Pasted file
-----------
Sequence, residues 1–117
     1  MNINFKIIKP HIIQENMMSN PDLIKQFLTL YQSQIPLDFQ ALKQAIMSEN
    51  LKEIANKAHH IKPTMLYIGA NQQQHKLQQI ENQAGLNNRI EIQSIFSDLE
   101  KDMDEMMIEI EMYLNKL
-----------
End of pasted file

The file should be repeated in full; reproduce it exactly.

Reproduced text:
Sequence, residues 1–117
     1  MNINFKIIKP HIIQENMMSN PDLIKQFLTL YQSQIPLDFQ ALKQAIMSEN
    51  LKEIANKAHH IKPTMLYIGA NQQQHKLQQI ENQAGLNNRI EIQSIFSDLE
   101  KDMDEMMIEI EMYLNKL